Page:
New York-based at-home testing startup Letsgetchecked said Friday that the U.S. FDA has granted emergency use authorization (EUA) for its COVID-19 Sure-track Test for signs of active SARS-CoV-2 infection. The polymerase chain reaction (PCR) nasal swab test is for use by at-risk individuals in the home and delivers results within 24 hours of a sample being received by the company’s CLIA-certified laboratory.

According to the company, Sure-track is the only EUA-backed at-home COVID-19 test that owns all aspects of the testing service – from manufacturing the collection kits to logistics, lab analysis and physician approval of testing eligibility.

Letsgetchecked’s CLIA/CAP/BSL II-certified, high-complexity lab in Monrovia, Calif., currently has capacity for 300,000 units a week, with plans to ramp up to millions per week to meet anticipated demand across the U.S.

“With the FDA EUA authorization, we are thrilled to introduce the Sure-track Test to offer convenient, secure and highly accurate at-home testing for coronavirus to communities in need in the United States,” said Peter Foley, Letsgetchecked’s founder and CEO. “We’ve spent years building the only true end-to-end service on the market, which allows us to deliver unparalleled service to our customers.”

Consumers prescreened for need

Before receiving the test, consumers must complete a questionnaire to determine if testing is warranted. The assessment includes questions about gender, age, the presence and severity of symptoms, preexisting health conditions and risk of exposure – all in line with current CDC guidelines, the company said.

Once received, customers self-swab and place the sample in a transport tube to be sent to the lab for processing. The tube contains a solution that deactivates the virus, preventing shippers and lab technicians from possible infection. The nonsaline solution also protects the integrity of the SARS-CoV-2 RNA, increasing its accuracy, the company said.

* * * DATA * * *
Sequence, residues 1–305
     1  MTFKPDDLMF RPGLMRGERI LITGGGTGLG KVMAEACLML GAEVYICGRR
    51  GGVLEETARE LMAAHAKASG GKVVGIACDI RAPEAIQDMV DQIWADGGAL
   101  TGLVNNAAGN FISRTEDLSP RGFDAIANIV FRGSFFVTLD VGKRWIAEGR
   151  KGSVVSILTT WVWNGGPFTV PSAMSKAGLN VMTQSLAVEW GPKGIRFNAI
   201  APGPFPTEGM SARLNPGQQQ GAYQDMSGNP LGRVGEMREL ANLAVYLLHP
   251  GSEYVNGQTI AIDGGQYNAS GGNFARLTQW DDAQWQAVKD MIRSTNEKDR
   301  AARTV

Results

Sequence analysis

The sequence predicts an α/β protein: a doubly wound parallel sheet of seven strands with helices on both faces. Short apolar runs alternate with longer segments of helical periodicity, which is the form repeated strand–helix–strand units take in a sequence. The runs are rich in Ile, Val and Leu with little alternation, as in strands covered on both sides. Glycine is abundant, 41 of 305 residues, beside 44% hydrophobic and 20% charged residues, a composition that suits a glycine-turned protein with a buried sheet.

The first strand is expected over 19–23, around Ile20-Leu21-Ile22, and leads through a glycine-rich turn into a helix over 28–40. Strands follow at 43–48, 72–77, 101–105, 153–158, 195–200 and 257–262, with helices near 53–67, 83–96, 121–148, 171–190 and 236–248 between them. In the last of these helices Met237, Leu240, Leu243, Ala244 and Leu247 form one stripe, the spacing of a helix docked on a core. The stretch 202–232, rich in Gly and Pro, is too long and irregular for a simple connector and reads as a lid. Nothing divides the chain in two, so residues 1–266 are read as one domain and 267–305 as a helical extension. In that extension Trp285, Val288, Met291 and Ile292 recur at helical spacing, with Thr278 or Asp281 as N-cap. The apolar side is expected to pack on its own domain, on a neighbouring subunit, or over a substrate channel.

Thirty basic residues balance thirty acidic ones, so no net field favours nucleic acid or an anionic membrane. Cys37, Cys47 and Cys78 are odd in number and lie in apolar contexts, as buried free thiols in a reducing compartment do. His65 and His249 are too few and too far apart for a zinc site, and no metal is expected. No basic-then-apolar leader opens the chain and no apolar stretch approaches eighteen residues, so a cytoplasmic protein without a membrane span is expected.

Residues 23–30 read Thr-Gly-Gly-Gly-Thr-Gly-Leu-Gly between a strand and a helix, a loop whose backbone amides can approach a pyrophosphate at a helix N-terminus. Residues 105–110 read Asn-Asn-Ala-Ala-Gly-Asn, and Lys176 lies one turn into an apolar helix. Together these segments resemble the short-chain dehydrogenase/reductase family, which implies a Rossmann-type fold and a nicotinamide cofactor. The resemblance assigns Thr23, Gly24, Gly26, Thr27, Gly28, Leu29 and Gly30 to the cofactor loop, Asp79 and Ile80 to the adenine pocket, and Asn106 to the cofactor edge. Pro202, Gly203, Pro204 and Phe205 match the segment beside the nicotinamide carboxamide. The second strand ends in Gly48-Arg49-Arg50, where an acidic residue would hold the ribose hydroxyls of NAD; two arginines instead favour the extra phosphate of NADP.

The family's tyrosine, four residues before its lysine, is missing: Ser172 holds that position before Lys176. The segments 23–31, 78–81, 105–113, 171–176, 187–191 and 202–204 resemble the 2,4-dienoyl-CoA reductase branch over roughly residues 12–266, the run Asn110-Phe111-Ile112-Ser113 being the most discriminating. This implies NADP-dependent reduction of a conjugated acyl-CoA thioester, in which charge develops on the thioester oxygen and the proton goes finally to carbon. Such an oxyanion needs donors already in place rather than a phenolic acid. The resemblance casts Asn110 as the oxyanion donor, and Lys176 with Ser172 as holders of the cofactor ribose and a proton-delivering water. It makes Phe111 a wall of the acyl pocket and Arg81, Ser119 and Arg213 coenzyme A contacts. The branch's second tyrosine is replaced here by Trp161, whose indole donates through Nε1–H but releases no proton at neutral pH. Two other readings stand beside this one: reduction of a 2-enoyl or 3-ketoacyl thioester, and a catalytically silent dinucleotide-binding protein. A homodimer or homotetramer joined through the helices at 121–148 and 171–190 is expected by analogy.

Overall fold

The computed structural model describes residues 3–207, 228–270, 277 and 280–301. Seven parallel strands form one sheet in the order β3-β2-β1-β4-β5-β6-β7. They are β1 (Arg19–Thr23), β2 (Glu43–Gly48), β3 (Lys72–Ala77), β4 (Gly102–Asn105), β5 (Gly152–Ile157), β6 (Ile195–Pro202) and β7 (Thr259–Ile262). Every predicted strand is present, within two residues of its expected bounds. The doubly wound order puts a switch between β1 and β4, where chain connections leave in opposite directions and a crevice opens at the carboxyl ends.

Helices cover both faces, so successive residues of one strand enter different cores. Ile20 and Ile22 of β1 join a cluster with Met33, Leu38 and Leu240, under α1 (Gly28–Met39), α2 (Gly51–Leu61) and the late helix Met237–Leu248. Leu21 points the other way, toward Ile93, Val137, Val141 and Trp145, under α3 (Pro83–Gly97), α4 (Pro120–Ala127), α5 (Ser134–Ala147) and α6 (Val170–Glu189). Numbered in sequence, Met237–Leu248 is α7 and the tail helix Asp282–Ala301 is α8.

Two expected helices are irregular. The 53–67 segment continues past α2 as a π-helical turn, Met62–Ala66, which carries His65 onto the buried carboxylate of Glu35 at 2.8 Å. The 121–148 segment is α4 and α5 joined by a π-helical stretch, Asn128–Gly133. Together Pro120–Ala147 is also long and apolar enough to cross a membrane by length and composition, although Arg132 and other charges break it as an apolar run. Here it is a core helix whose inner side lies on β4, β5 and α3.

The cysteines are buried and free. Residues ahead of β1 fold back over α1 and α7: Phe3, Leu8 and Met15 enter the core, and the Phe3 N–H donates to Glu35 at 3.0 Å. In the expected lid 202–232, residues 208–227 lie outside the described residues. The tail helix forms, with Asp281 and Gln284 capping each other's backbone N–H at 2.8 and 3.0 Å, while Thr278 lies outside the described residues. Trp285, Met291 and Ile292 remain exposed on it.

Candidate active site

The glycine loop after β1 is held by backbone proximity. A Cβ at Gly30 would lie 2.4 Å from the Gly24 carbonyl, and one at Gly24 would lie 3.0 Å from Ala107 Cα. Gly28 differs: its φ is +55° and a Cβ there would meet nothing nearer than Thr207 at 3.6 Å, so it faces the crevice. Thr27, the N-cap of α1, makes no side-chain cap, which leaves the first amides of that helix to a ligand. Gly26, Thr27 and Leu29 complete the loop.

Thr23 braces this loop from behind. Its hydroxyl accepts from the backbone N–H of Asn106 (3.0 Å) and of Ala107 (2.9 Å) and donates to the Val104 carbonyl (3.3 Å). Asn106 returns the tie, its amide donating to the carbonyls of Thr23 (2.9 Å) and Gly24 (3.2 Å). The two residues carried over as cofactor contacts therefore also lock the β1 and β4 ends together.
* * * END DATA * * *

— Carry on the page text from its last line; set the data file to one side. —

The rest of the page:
Results are available within 24 hours, and users have access to 24/7 telehealth services via Letsgetchecked’s connected platform. The cost per kit is $129.

“Our entire system was considered as part of the review process, and we are delighted to have worked with the FDA to delivery a truly unique at-home coronavirus testing service to customers,” said Gwen Murphy, director of epidemiology and clinical studied at Letsgetchecked.

Two-track strategy

The Sure-track PCR test is the second in a two-track strategy for COVID-19 testing. In March, the company released a 15-minute rapid serology test, allowing patients who are under a doctor’s care to get an immediate indication of the presence or absence of infection while more complete laboratory tests are conducted.

Founded in 2014, Letsgetchecked has raised about $114 million from the investors. The last funding round, an oversubscribed series C led by Illumina Ventures and Hlm Venture Partners, tallied $71 million to support the U.S. and EU scaleup for the COVID-19 tests.

In addition to COVID-19, the company’s portfolio includes tests for general health, men’s and women’s health and sexual health. All are available in the U.S., Canada and Europe, with the exception of the coronavirus test, which is currently U.S.-only.


Other companies are also eyeing the at-home COVID-19 test market. South San Francisco-based Mammoth Biosciences Inc. recently teamed up with Glaxosmithkline plc, of London, to develop a point-of-care test to detect active COVID-19 using the former’s CRISPR-based DETECTR (DNA endonuclease-targeted CRISPR trans reporter) platform. The two companies hope to submit file for an EUA before the end of the year, with the ultimate goal of an at-home test.

Another contender is Scanwell Health, which last week announced exclusive rights to an at-home rapid serology test for SARS-CoV-2 made by China-based Innovita Biological Technology Co. Ltd. Scanwell aims to make the test available in the U.S. within six to eight weeks of gaining an EUA thumbs up from the FDA.

Meanwhile, Kahala Biosciences LLC and Rymedi Inc. have launched Adiona, a COVID-19 antibody testing platform that includes a blockchain-enabled smartphone app to improve predictability and traceability of disease outbreaks. The fingerprick test is currently conducted at a health care facility, but Kahala CEO Francis Duhay told BioWorld the “vision is for people to employ both viral antigen and antibody testing at home.”

With the number of COVID-19-related tests continuing to grow, the FDA is encouraging developers to file 510(k) applications once they have enough data to support a submission.

“We encourage these applications as soon as the developers are ready, and we’re willing to work with them right now” on converting EUA test dossiers into conventional premarket filings,” Timothy Stenzel, director of the Office of In Vitro Diagnostics and Radiology, said during the agency’s May 27 town hall meeting. He noted the FDA has some discretion to keep EUA tests on the market despite a 510(k) filing for a certain type of test, so it is unlikely the need for EUA tests will evaporate anytime soon.

Letsgetchecked said it is considering a 510(k) for its COVID-19 testing service.

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